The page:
In general, I believe there’s more to like about target-date funds than dislike. However, several recent articles have taken such funds to task. Let’s see if the criticisms are warranted.
A little background
Target-date funds greatly simply the process of choosing an appropriate mutual fund, getting the important asset allocation process mostly right and automating the chore of making your portfolio more conservative as you get older.
All you have to do is choose a fund with the year of your intended retirement as part of its name and that fund will provide the stock/bond mix the fund company believes is appropriate for someone your age. As you get older, the fund will automatically change that mix, dialing down exposure to stocks and increasing exposure to bonds.
That simplicity is the main reason why target-date funds have become the most popular choice within retirement accounts such as 401(k) plans (along with the fact that many workplace retirement plans automatically put investors in such funds).
My issues with target-date funds
The main problems I’ve had with target-date funds are that many people are not aware of how different one fund family’s stock/bond mix can be from another (See How Well Do Target-Date Funds Perform in a Downturn?) and that most such funds are too conservative. To that second point, I see no reason why investors in their 20s should have any of their portfolio in bonds or cash. And yet, target-date funds designed for such investors from Fidelity, Vanguard, Schwab, and others have anywhere from 5% to 10% of their portfolios in those conservative asset classes.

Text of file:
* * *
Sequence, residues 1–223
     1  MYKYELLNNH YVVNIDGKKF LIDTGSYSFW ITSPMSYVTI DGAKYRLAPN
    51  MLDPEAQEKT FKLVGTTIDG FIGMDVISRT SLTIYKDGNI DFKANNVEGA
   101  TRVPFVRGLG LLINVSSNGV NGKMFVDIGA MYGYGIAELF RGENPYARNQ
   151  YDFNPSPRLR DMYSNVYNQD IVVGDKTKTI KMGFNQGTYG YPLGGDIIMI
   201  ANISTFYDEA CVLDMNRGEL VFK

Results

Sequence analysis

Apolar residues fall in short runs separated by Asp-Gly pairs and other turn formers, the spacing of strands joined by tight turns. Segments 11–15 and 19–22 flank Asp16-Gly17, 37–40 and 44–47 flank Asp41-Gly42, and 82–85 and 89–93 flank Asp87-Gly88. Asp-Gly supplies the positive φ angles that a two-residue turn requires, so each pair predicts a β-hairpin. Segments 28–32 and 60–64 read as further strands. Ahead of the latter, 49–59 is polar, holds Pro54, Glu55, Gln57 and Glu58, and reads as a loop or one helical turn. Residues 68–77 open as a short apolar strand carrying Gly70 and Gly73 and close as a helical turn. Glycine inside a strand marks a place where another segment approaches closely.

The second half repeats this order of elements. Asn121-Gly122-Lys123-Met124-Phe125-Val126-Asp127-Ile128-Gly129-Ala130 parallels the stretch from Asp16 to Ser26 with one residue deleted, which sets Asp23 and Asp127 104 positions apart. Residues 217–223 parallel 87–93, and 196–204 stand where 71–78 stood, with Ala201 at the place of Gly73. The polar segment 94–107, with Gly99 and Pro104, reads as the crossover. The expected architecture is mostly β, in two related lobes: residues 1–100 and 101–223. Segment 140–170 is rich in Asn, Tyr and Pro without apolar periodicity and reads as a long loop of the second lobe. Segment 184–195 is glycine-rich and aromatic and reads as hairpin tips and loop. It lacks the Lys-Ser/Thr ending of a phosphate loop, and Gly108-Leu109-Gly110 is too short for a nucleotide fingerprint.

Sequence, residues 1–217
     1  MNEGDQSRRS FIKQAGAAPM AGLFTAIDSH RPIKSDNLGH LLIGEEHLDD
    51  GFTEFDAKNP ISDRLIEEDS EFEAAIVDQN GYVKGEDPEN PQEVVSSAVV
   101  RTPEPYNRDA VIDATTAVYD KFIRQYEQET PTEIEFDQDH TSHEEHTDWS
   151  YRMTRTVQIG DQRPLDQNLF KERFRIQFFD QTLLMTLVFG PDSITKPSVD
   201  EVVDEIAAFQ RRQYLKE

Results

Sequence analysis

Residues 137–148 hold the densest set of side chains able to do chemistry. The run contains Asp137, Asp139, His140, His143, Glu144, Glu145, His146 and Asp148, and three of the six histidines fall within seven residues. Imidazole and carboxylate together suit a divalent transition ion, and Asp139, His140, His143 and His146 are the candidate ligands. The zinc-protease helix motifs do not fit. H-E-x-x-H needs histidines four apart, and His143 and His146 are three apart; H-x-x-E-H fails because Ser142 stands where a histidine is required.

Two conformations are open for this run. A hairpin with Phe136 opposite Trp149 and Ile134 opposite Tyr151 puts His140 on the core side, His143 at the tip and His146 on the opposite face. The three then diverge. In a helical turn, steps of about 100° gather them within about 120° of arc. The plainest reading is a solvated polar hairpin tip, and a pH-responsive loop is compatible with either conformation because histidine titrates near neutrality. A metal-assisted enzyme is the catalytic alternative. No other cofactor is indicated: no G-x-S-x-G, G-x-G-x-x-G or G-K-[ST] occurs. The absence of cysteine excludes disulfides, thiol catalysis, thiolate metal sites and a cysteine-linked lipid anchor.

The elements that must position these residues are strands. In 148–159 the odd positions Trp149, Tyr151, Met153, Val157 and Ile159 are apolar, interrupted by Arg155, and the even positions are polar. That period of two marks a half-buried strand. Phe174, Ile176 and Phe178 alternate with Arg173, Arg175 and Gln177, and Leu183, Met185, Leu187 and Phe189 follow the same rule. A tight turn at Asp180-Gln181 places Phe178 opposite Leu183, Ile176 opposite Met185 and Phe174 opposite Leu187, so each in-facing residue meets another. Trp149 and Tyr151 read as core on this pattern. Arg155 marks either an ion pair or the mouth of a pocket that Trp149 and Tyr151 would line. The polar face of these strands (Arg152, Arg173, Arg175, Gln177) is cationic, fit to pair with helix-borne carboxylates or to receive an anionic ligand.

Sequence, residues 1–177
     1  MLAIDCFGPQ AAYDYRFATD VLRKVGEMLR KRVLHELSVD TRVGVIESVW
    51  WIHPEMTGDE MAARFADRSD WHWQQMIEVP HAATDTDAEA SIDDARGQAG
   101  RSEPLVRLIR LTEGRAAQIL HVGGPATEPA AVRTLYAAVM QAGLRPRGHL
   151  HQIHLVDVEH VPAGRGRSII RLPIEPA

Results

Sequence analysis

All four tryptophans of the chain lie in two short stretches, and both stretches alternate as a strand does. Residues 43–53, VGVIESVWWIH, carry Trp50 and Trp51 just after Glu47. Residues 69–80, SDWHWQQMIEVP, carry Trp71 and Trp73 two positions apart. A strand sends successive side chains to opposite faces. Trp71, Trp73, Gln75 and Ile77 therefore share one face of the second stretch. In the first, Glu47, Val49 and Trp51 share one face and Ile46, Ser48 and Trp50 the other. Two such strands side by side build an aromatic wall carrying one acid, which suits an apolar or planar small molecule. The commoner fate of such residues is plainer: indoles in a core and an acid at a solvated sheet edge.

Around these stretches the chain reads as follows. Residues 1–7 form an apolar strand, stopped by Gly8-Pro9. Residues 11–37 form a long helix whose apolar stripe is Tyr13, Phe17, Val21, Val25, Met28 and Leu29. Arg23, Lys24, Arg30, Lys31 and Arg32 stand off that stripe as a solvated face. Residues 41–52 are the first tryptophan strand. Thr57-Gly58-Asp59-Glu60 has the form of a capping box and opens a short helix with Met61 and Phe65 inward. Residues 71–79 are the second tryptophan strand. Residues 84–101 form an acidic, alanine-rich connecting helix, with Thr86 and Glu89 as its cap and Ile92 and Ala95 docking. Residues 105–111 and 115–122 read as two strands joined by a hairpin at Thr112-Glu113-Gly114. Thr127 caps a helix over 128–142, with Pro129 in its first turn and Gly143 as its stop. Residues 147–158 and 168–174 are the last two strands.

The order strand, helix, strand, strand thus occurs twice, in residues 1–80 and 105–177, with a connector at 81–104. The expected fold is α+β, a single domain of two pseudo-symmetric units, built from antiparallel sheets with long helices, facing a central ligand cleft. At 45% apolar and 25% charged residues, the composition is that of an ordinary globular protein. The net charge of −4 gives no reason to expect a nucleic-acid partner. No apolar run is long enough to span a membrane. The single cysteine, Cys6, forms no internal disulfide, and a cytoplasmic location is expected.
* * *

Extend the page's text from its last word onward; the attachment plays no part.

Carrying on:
Other people’s issues with target-date funds
A recent Bloomberg article criticized target-date fund fees, noting that the average expense ratio of such funds is 0.67. That means for every $1,000 invested in such a fund, $6.70 will be used to help cover the fund’s operating and marketing costs. The article argued that investors could relatively easily build a similarly structured yet lower cost portfolio on their own using index funds. The article also took issue with target-date funds for being too conservatively structured, as I noted earlier.
Joining in the criticism was the Motley Fool, which also called out target-date funds for being too conservative and too expensive. But it also highlighted an additional issue — that a one-size-fits-all asset allocation approach based strictly on an investor’s age is going to miss the unique needs of various people within each age group. Some may need to structure their portfolios very differently based on what other investments they have, their risk tolerance, and other factors. This is the same issue highlighted by a recent CNBC article.
Again, I think target-date funds serve a useful purpose, especially for newer investors looking to easily build a portfolio that gets more things right than wrong. Of the various other people’s issues raised above, the Motley Fool’s point about the shortcomings of one-size-fits-all portfolios is especially noteworthy. For older and/or more conservative investors who may be concerned about the next downturn, Sound Mind Investing’s Dynamic Asset Allocation strategy will likely offer better protection than even the most conservative target-date fund. And for those looking for a more powerful all-weather portfolio, 50/40/10 is worthy of consideration.
Do you have money invested in a target-date fund? If so, what are your thoughts about the issues listed above?